Your Low-Carb Diet May Increase—Not Decrease—Diabetes Risk, New Study Suggests
If you want what you eat (and don't eat) to help prevent diabetes, then you've most likely heard that you should stick to a diet that's low in carbohydrates. However, a new study has found that not all low-carb diets have the same effect when it comes to lowering the risk of this disease.
The research from the study, which was presented at the American Heart Association's Scientific Sessions conference, per Merck Manuals, involved attempting to find a connection between low-carbohydrate diets and the risk of Type 2 diabetes. And what they found was that the overall quality of carbohydrates, fat, and protein may matter more than the quantity itself.
What the study found about low-carb diets and diabetes
The study used information that was collected from 203,541 adults who did not initially have diabetes and took part in either the Nurses' Health Study, Nurses' Health Study II, or the Health Professionals Follow-Up Study that took place between 1984 and 2017. The studies tracked participants for up to 30 years while requiring them to fill out questionnaires regarding their eating habits every four years.
When those behind the study attempted to determine the amount of carbohydrate consumption, they did so by considering the daily percentage of total energy that came from carbohydrates, as well as from protein and fat. Although U.S. Dietary Guidelines say that a person's diet should consist of 45% to 65% of energy intake from carbohydrates, there were some participants in the study whose diets were only made up of around 40% carbs.
Beyond that, the people who were eating diets lower in carbohydrates, and included animal protein as well as fat, had a 35% higher risk of type 2 diabetes. That percentage rose to 39% when they also weren't getting enough whole grains. On the other hand, participants who were eating a low-carb diet that included protein and fat that came from plant-based food had a 6% lower risk of Type 2 diabetes. They also had a 15% lower risk when they ate fewer refined carbohydrates and less sugar.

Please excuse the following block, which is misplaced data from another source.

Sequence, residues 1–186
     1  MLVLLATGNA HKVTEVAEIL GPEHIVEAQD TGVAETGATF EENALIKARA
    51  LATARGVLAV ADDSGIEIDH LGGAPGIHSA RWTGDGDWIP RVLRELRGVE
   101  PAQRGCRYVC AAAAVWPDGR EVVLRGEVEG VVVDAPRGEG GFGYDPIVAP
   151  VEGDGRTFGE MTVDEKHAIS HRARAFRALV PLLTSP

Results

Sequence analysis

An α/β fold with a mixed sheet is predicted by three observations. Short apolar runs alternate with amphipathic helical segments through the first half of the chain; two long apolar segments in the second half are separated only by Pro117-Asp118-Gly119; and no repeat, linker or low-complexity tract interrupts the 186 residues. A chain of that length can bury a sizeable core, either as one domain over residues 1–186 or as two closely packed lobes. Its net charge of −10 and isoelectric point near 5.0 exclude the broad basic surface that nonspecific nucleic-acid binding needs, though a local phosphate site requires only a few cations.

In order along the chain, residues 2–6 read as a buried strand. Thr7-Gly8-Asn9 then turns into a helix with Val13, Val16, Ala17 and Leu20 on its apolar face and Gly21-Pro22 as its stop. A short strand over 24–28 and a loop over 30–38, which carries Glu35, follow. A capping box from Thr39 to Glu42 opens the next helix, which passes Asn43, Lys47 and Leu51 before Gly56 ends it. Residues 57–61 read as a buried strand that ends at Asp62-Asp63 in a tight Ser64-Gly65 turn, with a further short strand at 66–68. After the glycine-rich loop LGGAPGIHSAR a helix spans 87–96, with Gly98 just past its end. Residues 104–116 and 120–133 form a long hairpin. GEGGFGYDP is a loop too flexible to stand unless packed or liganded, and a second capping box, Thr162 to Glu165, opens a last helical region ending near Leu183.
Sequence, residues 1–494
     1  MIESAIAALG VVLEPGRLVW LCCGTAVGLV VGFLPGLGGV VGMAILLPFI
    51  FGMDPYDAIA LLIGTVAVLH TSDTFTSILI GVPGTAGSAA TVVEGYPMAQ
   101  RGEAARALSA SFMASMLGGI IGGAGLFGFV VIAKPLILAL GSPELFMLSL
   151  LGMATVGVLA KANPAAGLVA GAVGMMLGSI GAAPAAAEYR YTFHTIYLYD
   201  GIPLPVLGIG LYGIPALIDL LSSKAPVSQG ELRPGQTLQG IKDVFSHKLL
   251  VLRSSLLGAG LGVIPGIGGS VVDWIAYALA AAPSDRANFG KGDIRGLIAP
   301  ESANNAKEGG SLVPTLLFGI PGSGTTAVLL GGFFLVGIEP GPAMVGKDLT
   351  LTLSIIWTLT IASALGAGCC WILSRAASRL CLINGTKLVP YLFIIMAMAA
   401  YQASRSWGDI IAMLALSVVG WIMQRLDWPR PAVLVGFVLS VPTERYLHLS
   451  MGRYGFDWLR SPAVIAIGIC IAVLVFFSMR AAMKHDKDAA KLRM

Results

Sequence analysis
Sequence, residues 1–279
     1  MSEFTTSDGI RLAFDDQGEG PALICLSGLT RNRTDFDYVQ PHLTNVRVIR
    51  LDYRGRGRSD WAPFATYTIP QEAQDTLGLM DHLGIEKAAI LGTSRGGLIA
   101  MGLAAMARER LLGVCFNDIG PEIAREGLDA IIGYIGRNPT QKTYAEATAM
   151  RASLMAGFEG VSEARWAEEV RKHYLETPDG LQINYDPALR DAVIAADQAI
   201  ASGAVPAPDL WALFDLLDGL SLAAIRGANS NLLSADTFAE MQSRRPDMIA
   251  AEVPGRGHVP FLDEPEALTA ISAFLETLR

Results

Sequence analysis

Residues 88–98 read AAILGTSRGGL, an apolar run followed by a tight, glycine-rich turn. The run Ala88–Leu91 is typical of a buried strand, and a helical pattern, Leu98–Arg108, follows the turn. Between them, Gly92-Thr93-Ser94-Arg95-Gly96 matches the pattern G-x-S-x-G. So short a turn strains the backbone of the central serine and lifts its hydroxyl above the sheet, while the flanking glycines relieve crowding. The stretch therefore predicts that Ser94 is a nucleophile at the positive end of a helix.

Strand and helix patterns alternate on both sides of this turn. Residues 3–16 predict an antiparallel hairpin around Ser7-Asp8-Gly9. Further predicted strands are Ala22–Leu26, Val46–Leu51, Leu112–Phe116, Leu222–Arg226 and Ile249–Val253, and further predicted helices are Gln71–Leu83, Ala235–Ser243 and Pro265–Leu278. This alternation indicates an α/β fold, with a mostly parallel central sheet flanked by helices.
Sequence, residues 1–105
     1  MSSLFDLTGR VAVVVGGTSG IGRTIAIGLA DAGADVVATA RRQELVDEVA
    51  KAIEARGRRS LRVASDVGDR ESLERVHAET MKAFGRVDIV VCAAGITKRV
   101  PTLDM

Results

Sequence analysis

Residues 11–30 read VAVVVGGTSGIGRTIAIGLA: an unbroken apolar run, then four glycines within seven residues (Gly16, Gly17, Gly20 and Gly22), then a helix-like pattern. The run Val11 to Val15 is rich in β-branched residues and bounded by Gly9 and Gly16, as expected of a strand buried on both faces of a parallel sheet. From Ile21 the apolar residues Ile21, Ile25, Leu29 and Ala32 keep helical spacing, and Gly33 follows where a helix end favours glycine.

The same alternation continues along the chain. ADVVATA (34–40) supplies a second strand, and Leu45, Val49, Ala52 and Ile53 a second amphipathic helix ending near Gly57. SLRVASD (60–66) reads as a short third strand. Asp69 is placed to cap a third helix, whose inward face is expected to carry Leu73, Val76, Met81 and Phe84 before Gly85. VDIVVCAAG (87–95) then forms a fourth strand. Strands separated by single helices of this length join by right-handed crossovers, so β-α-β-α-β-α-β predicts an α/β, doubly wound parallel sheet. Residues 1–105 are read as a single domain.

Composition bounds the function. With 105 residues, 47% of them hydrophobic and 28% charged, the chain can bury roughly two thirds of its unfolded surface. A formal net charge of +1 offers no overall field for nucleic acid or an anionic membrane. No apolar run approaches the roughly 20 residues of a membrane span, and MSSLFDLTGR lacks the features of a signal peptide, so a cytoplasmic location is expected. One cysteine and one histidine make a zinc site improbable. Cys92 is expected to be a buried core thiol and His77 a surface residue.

What experts say about these findings
"To prevent the risk of Type 2 diabetes for generally healthy people without prediabetes or diabetes, the quantity of carbohydrates might not matter as much as the quality of the protein, fats, and carbs," said lead study author Yeli Wang, a research fellow in the department of nutrition at the Harvard T.H. Chan School of Public Health in Boston.
"I do agree that not all low-carb diets have an equal impact on our health," Justine Chan, MHSc, RD, CDE, registered dietitian and certified diabetes educator tells Eat This, Not That! "This is because the quality of the foods you're eating also matters."
When it comes to why an animal-based, low-carb diet might increase the risk of diabetes, Chan explains that "saturated fats can increase insulin resistance, which plays a key role in the development of type 2 diabetes."
As for a plant-based, low-carb diet, Chan says, "I suspect the fiber and the resistant starch found in plant foods provide anti-inflammatory benefits, which help to reduce the risk of diabetes. Fiber also slows down the release of glucose into the bloodstream, thereby reducing blood sugars."